A nar­row cat­e­gory is not suf­fi­cient for this force­ful fel­low

The Denver Post - - PERSPECTIV­E - By Patty Lim­er­ick Patty Lim­er­ick is fac­ulty di­rec­tor and chair of the Cen­ter of the Amer­i­can West at the Univer­sity of Colorado.

One of the great­est of Amer­i­can thinkers de­clared: “It is as though Na­ture needs must make men nar­row in or­der to give them force.”

W.E.B. Du Bois got hun­dreds of things right, but I think he got that one wrong.

To ex­plain why ia mn ow go­ing to at­tempt a high-wire act rarely per­formed with suc­cess: I am go­ing to ask Amer­i­cans to find in­spi­ra­tion in the life of a morally tainted United States se­na­tor.

For nearly 30 years, Wil­liam M. Ste­wart held the of­fice of se­na­tor for the state of Ne­vada. His con­duct in of­fice set a wob­bly ex­am­ple for Amer­i­can youth (or their el­ders, for that mat­ter). The ti­tle of Rus­sell El­liott’s biog­ra­phy of Sen. Ste­wart — Ser­vant of Power — packs a lot of char­ac­ter traits into three words.

The head of the Cen­tral Pa­cific Rail­road, Col­lis P. Huntington, ac­cu­rately took the mea­sure of a man who was more than will­ing to use his po­si­tion for per­sonal gain. “We must fix it so that he can make one or two hun­dred thou­sand dol­lars,” Huntington wrote to a part­ner. “It is to our in­ter­est and I think his right.”

Ste­wart was the key fig­ure in the cre­ation of the 1866 and 1872 Mining Laws that gave com­pa­nies un­tram­meled ac­cess to the wealth of the sub­sur­face min­er­als, with­out re­quir­ing a roy­alty for, or any other rev­enue to, the na­tional gov­ern­ment. In a suc­cinct choice of words, bi­og­ra­pher El­liott re­ferred to the “of­ten un­eth­i­cal meth­ods used to achieve his ends,” as well as the abun­dance of “in­ci­dents of ques­tion­able be­hav­ior.”

And yet there was an­other di­men­sion to Ste­wart’s his­tor­i­cal legacy.

As a key fea­ture of re­con­struc­tion af­ter the Civil War, rad­i­cal Repub­li­cans un­der­took to ex­tend the right to vote to African Amer­i­can men. Sen. Ste­wart took on the job of merg­ing a mul­ti­plic­ity of drafts and pro­pos­als into the Fif­teenth Amend­ment, declar­ing that the right to vote would not be con­strained by “race, color, or pre­vi­ous con­di­tion of servi­tude.”

“In addition to his work in phras­ing the pro­posal,” his bi­og­ra­pher wrote, “Ste­wart’s par­tic­i­pa­tion in the de­bates and his ex­cel­lent work as floor man­ager for the bill in the Se­nate were key in­gre­di­ents in the suc­cess of the mea­sure.”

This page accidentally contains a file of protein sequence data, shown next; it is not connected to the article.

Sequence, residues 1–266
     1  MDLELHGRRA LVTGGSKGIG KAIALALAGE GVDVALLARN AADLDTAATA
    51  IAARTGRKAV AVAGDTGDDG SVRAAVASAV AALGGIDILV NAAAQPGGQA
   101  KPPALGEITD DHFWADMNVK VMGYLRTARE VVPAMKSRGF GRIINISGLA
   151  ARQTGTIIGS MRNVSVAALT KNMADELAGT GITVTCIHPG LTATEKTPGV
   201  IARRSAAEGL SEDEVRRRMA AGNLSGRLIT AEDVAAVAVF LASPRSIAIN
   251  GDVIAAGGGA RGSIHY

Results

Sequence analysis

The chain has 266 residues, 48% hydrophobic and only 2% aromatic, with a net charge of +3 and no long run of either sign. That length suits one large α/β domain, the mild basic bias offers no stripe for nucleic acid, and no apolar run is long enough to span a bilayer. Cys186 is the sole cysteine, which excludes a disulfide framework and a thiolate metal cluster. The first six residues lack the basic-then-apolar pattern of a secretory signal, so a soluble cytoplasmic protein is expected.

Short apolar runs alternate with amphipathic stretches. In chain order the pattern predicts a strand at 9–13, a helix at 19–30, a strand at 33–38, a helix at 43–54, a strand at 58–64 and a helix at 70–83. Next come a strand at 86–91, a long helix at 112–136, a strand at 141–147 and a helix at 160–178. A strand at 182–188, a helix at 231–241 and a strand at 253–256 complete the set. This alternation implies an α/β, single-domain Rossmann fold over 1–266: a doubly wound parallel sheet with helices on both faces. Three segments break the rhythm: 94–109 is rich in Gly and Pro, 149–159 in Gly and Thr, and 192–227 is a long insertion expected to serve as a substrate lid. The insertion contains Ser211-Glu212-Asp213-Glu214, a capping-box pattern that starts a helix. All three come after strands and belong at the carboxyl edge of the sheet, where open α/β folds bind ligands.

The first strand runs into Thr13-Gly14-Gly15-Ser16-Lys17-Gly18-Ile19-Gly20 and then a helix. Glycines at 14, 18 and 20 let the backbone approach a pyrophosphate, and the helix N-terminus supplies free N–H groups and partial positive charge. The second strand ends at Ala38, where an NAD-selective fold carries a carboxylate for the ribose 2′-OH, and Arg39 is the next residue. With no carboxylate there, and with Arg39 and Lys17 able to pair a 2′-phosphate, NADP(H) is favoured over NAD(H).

His­tor­i­cal fig­ures are for­ever play­ing this trick on us. De­spite our best ef­forts to con­fine them to one cat­e­gory or clas­si­fi­ca­tion, the mul­ti­ple mean­ings of their lives dis­rupt our ef­forts to keep peo­ple like Sen. Ste­wart nar­rowly de­fined.

He was, it turns out, the ser­vant of power and of the pow­er­less, brib­ing state leg­is­la­tors to get the of job of se­na­tor, fol­low­ing the or­ders of mining and rail­road com­pany mag­nates, and ad­vo­cat­ing for the rights of freed slaves.

One nar­row cat­e­gory is not suf­fi­cient to hold this force­ful fel­low.

This is a valu­able recog­ni­tion for our in­tem­per­ate and quar­rel­some times, when the cus­tom, of see­ing hu­man iden­tity as uni­tary, con­sis­tent, and nar­row, begs for re­think­ing.

And so, in­spired by re­flec­tions on Sen. Ste­wart, I pro­pose an ex­per­i­ment.

When you greet a fel­low hu­man be­ing, try skip­ping the usual salu­ta­tion, “How are you to­day?”

In­stead, opt for a ques­tion more likely to pro­voke an an­swer worth hear­ing: “Who are you to­day, and is that who you were yesterday, and who you ex­pect to be to­mor­row?”

And now to note one more in­ter­est­ing as­pect of Ste­wart’s ca­reer: In 1868, he voted to impeach Pres­i­dent An­drew John­son. In his au­to­bi­og­ra­phy, he re­ferred to the pres­i­dent as “the most un­truth­ful, treach­er­ous, and cruel per­son who has ever held a place of power in the United States.” Our an­ces­tors, in other words, did not sit around wait­ing for pos­ter­ity to in­vent the sat­is­fy­ing prac­tice of the pot call­ing the ket­tle black.

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